The most common cause of gastric outlet obstruction in newborns is Pylorospasm, the repeated or persistent contraction of pylorus muscles. Vomiting becomes inevitable if the contents of the stomach are unable to find their way through the pylorus, the furthest part of the stomach that opens in intestine immediately beyond the stomach, the duodenum.
It is believed that at initial stages gastric outlet obstruction in the newborn period is only repeated spasms of the pyloric sphincter, which over 2-8 weeks progresses into the actual pyloric stenosis. Clinical presentation, however, remains the same, frequent mucoid vomiting that comes up suddenly and forcefully without preceding nausea. Regurgitation and difficulty in feeding coexist in some neonates.
The precise cause of outflow obstruction of the stomach in newborns is not known, but there are several theories:
Babies of mothers who are under stress during the second half of the pregnancy have a higher risk of developing obstruction at the outlet of the stomach.
The surrounding network of nerves is compromised, both developmentally and functionally.
Typically the first born boy is most frequently affected. Newborn girls are less often affected, female to male ratio being 1:4. On the other hand, offspring of an affected mother are at 4 times higher risk of getting the disorder than the offspring of an affected father. However, the frequency of disease manifestation in the next generation does not behave like a typical dominant mode of genetic disorder transmission.
It is an inherited disorder characterized by enlargement and dysfunction of the adrenal glands. The affected infants suffer from improper production of mineralocorticoids, glucocorticoids or sex hormones, as a consequence of deficiency or absence of a single enzyme.
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Prostaglandin therapy is essential for the survival of the babies born with a severe form of cyanotic heart disease. Prolonged use of prostaglandin is noted to cause reactive enlargement of the smooth muscle and mucus-producing cells of the stomach, which along with associated tissue congestion narrows the passage through the pylorus. This picture could also occur without any identifiable cause.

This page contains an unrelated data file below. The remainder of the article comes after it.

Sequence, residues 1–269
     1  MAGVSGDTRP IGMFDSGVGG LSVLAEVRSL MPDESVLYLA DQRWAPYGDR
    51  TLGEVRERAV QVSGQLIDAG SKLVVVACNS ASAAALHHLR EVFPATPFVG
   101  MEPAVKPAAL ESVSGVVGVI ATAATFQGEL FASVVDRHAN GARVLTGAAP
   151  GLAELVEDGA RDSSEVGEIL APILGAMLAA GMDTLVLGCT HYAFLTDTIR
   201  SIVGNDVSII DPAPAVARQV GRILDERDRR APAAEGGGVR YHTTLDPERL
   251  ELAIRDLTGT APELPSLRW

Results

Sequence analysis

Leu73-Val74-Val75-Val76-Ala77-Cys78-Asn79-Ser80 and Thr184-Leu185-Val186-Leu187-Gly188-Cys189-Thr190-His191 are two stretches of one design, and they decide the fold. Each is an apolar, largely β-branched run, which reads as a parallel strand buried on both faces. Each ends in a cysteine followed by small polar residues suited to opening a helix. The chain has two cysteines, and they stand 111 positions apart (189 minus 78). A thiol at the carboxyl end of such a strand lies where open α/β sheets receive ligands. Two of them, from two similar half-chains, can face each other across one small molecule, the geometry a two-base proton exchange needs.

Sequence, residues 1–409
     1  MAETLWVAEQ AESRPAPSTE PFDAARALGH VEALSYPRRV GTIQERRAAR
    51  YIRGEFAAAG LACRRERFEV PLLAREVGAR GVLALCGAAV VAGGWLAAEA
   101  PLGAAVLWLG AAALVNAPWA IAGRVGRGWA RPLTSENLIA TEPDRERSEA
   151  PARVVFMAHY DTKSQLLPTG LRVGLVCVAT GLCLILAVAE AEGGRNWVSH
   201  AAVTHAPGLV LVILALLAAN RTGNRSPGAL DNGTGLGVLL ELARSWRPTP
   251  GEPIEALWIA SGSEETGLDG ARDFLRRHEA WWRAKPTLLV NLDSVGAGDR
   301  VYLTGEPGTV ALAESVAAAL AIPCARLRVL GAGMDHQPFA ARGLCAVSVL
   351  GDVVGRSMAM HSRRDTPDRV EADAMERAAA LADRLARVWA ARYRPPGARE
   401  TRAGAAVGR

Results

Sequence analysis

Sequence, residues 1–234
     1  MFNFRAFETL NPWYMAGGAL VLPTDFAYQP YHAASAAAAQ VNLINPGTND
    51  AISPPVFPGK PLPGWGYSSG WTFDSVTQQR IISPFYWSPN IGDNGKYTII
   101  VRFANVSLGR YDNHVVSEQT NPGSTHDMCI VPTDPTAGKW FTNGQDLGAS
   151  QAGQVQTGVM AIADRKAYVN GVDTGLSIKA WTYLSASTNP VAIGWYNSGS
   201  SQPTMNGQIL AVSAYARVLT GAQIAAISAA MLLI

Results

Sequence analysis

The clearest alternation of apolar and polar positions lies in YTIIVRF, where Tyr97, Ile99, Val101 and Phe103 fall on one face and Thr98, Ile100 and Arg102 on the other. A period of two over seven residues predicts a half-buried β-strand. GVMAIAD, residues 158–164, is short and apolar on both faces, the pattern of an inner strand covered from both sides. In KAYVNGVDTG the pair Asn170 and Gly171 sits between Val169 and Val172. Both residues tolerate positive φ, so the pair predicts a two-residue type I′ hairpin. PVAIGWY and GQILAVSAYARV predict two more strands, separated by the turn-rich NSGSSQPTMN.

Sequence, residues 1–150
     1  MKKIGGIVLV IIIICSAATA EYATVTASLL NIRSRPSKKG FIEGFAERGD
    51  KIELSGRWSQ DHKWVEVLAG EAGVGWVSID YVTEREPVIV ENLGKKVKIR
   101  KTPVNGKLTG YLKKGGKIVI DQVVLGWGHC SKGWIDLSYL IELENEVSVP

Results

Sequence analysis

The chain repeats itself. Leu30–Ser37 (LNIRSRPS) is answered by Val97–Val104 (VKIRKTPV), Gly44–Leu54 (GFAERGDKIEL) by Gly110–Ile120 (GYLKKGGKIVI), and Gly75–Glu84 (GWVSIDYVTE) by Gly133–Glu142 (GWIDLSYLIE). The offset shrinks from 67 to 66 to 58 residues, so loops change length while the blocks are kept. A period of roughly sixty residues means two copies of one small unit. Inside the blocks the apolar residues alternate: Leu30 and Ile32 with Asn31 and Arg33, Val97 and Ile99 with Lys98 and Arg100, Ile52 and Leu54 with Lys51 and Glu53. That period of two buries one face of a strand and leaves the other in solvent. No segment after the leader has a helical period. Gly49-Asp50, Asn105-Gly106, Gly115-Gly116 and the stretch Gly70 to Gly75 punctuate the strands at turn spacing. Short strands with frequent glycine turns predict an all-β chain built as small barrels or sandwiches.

The effect of overactive pyloric muscle is same as that of body building exercises; the muscle increases in size. As a result, the functional narrowing now becomes a physical obstruction to the passage of food out of the stomach.
The factors that lead to prolonged muscle contractions are as follows:
Increased secretion of acid in the stomach commonly occurs in the period immediately after birth. It helps to increase the secretion of gut hormones; secretin and cholecystokinin. Both these hormones aggravate pyloric muscle contractions, and thereby pyloric hypertrophy.
Gastrin facilitates the breakdown of the food in the stomach. It stimulates gastric acid secretion and the contractions of stomach muscles such that the food is churned together with the digestive enzymes and liquefied, thereby ease stomach emptying.
The increased effect of Gastrin could either be due to inherent sensitivity to the hormone or excessive production of the hormone.
The role of prolonged and frequent muscle contractions in the development of pyloric stenosis is further emphasized by the treatment commonly offered. The management of the disease, both medical and surgical, is directed towards disabling the contractibility of the pyloric muscle, which then gradually shrinks to normal size.
A plain x-ray does not show gastric outlet obstruction. The increase in pyloric length and muscle wall thickness, are usually easily visible on ultrasound examination.
Nevertheless, ultrasound findings, at times can be ambiguous. In these cases of gastric outlet obstruction, the possibility of pylorospasm should be considered. The diagnosis of which can be confirmed by prolonged ultrasound, without any concern about ill effects of radiation.
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